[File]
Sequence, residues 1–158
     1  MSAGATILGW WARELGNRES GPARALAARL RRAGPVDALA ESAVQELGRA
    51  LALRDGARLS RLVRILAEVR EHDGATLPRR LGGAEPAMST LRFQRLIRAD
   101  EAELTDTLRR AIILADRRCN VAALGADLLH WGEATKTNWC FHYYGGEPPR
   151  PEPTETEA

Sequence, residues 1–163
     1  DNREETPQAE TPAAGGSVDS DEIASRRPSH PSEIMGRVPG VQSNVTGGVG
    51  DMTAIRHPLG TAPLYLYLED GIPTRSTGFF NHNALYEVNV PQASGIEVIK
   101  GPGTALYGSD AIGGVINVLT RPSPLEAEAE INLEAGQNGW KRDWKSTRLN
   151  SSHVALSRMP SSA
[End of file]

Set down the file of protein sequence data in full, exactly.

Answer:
Sequence, residues 1–158
     1  MSAGATILGW WARELGNRES GPARALAARL RRAGPVDALA ESAVQELGRA
    51  LALRDGARLS RLVRILAEVR EHDGATLPRR LGGAEPAMST LRFQRLIRAD
   101  EAELTDTLRR AIILADRRCN VAALGADLLH WGEATKTNWC FHYYGGEPPR
   151  PEPTETEA

Sequence, residues 1–163
     1  DNREETPQAE TPAAGGSVDS DEIASRRPSH PSEIMGRVPG VQSNVTGGVG
    51  DMTAIRHPLG TAPLYLYLED GIPTRSTGFF NHNALYEVNV PQASGIEVIK
   101  GPGTALYGSD AIGGVINVLT RPSPLEAEAE INLEAGQNGW KRDWKSTRLN
   151  SSHVALSRMP SSA